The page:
If we had suffered this pandemic ten years ago, this shift to telemedicine would not have been possible. Fortunately, the reliability of broadband combined with the ubiquity of high-resolution cameras and high-quality audio facilitates these interactions and provides a far more efficient service for all parties.

What the future of healthcare can build upon is the ability to bring a high level of expertise and analysis into everyone’s homes. This may smack of Big Brother, but it is a matter of balance as with any technological advance. For example, the benefits of monitoring an older adult in their own home both by relations and the medical profession have potentially massive positive financial implications. 

Can private networks help deliver services to the most vulnerable communities?

Early 5G hype was around remote surgery and leveraging the low latency and high bandwidth of new mobile generations. While these benefits will gradually materialize, it is the more mundane set of services that will have an early impact. For example, the Liverpool 5G Hub initiative uses a one-way video device to allow carers to monitor people taking their daily medication – resulting in both patients getting the right treatment and reducing wasted medicines. 

The Liverpool example is also important for another reason: it is delivered over a private 5G network. Hopefully, this will be a blueprint for other healthcare authorities to bring effective services into communities. As an industry, we tend to think of the latest smartphones and the shift to an even bigger or unlimited data package. In reality, many of the most vulnerable people in society have little or no access to those services. Increasing the digital poverty gap seems inevitable unless an intervention of this kind takes place. Liverpool is now looking at bringing their private network together with cellular offerings to build out the service. Once again, it is not a question of one or the other but a blend of public and private, which will deliver a community solution.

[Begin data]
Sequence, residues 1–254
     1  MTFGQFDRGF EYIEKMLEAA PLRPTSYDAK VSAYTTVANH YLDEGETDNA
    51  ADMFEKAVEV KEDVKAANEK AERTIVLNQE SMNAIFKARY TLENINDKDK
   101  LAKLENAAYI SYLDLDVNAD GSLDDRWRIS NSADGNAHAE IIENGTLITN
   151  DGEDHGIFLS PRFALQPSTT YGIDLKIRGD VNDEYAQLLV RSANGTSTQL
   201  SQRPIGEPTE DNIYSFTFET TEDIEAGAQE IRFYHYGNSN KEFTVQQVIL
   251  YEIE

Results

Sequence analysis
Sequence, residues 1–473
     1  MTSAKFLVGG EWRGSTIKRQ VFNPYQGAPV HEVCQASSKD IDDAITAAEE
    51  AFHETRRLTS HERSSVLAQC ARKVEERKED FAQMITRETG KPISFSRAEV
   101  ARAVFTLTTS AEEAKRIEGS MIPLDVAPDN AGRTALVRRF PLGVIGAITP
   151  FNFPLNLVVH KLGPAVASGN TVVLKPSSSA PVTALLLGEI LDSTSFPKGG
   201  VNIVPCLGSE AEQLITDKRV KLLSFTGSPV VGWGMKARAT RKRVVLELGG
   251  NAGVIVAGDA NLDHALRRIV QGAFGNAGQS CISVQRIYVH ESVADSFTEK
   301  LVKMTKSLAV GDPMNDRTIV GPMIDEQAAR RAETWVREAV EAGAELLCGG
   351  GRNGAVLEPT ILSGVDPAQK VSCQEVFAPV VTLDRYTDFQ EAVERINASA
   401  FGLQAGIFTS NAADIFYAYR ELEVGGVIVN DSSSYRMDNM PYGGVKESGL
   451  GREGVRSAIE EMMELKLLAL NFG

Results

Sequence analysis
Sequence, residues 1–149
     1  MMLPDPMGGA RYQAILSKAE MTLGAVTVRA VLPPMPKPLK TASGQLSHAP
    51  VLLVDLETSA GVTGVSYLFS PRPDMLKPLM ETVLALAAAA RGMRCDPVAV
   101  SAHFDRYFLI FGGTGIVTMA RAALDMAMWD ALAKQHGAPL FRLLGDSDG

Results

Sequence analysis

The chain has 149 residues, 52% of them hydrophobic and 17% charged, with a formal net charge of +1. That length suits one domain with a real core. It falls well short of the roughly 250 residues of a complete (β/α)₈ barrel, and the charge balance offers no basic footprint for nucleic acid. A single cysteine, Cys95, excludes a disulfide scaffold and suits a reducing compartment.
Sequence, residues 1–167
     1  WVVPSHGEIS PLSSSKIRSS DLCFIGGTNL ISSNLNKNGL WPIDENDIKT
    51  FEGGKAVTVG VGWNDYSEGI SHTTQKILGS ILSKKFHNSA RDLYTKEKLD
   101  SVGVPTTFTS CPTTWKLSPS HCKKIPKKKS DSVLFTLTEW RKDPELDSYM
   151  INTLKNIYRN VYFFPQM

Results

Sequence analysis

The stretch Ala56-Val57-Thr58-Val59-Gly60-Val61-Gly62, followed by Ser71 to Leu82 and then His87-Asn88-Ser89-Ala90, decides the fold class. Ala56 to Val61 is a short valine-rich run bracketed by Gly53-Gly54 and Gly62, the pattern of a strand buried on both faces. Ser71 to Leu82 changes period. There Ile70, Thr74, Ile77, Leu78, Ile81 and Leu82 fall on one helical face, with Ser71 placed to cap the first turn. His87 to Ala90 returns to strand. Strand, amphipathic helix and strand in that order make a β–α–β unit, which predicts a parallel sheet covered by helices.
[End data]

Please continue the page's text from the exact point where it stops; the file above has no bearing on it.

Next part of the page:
The assumption is often that increased smartphone penetration is the answer to this problem. The Internet of Things brings a myriad of other devices into play. A simple movement monitor can inform a carer that an individual is active and moving around their home. Sensors in beds, doors, floors, and even embedded into prosthetic limbs can all feed information back to families, specialists, and authorities as appropriate. Most of these require small amounts of bandwidth. The key thing is that the technology in terms of devices and connectivity is affordable. As always, who pays is an issue, but the Liverpool example shows that local government can deploy private networks to deliver this at a sensible price.

Financial barriers aren’t the only concern for telcos